“Lem understood, as no-one then or since has understood, how undeserving of worship are the systems (be they military, industrial or social) that are already strong enough to determine our fate. A couple of years ago, around the time Hong Kong protesters were destroying facial recognition towers, a London pedestrian was fined £90 for hiding his face from an experimental Met camera. The consumer credit reporting company Experian uses machine learning to decide the financial trustworthiness of over a billion people. China’s Social Credit System (actually the least digitised of China’s surveillance systems) operates under multiple, often contradictory legal codes.

The point about Lem is not that he was terrifyingly smart (though he was that); it’s that he had skin in the game. He was largely self-taught, because he had to quit university after writing satirical pieces about Soviet poster-boy Trofim Lysenko (who denied the existence of genes). Before that, he was dodging Nazis in Lv’v (and mending their staff cars so that they would break down). In his essay “Applied Cybernetics: An Example from Sociology”, Lem uses the new-fangled science of systems to anatomise the Soviet thinking of his day, and from there, to explain how totalitarianism is conceived, spread and performed. Worth the price of the book in itself, this little essay is a tour de force of human sympathy and forensic fury, shorter than Solzhenitsyn, and much, much funnier than Hannah Arendt.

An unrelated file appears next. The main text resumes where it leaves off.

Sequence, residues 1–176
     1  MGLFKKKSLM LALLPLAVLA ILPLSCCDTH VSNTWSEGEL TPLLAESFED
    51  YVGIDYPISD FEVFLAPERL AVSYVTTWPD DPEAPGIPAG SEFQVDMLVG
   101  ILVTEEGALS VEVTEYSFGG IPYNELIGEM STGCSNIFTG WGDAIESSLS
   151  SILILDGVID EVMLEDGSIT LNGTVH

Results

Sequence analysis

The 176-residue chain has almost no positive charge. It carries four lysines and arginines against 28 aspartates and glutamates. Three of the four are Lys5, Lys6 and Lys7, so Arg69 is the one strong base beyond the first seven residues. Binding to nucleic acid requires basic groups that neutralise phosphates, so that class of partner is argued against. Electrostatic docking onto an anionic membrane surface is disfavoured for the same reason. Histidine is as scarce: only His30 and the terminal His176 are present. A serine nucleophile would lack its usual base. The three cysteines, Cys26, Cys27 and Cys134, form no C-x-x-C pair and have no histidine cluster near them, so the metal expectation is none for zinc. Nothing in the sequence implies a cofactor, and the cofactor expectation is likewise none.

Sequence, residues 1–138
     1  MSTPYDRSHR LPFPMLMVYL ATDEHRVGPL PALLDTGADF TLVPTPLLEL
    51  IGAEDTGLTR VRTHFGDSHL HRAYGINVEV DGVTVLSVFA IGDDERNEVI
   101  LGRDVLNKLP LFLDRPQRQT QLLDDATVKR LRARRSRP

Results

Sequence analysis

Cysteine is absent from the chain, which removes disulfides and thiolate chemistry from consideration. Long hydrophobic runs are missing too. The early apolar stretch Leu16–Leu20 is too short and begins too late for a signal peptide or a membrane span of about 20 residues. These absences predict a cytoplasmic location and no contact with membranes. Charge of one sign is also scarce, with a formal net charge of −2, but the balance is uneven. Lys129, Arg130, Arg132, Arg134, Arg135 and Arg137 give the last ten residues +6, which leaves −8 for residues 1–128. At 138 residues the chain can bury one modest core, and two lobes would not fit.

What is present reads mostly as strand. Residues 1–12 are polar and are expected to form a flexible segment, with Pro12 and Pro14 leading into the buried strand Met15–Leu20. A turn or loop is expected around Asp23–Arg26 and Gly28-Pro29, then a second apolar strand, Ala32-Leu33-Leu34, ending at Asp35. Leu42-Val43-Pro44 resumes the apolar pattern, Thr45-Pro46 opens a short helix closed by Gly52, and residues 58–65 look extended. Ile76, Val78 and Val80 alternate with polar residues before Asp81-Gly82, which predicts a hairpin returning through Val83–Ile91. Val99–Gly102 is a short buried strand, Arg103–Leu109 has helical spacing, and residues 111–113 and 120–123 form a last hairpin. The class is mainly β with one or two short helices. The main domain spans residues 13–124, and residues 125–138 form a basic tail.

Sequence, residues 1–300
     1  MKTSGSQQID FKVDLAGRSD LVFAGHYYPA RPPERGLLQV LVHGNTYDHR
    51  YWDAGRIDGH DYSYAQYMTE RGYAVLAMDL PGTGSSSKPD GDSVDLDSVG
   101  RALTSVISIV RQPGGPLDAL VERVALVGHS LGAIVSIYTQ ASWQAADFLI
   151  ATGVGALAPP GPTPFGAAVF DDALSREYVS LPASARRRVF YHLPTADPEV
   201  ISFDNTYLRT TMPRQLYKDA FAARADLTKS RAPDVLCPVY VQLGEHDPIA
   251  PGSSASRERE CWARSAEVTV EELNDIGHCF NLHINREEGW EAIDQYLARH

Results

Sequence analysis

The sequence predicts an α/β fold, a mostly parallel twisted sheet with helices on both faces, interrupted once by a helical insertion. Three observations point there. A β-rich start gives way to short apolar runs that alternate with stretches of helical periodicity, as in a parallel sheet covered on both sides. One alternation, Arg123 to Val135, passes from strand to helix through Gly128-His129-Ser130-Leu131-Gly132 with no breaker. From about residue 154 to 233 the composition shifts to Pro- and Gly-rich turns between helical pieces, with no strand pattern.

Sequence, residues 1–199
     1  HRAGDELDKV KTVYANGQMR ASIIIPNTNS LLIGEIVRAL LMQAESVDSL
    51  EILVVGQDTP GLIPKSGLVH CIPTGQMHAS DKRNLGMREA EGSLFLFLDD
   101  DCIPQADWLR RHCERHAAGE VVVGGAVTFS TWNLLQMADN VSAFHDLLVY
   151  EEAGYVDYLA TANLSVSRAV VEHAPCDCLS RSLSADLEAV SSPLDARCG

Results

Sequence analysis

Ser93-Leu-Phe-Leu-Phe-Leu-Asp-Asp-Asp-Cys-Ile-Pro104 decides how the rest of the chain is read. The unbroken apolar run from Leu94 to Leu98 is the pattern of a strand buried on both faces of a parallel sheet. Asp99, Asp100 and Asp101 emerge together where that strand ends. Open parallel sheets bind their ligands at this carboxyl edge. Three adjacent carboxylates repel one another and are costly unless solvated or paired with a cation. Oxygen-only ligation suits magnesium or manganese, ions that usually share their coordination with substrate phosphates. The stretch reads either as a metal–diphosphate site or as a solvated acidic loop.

Peter Butko’s translations of the Dialogues, and the revisionist essays Lem added to the 1971 second edition, are as witty and playful as Lem’s allusive Polish prose demands. His endnotes are practically a book in themselves (and an entertaining one, too).

Translated so well, Lem needs no explanation, no contextualisation, no excuse-making. Lem’s expertise lay in technology, but his loyalty lay with people, in all their maddening tolerance for bad systems. “There is nothing easier than to create a state in which everyone claims to be completely satisfied,” he wrote; “being stretched on the bed, people would still insist — with sincerity — that their life is perfectly fine, and if there was any discomfort, the fault lay in their own bodies or in their nearest neighbor.”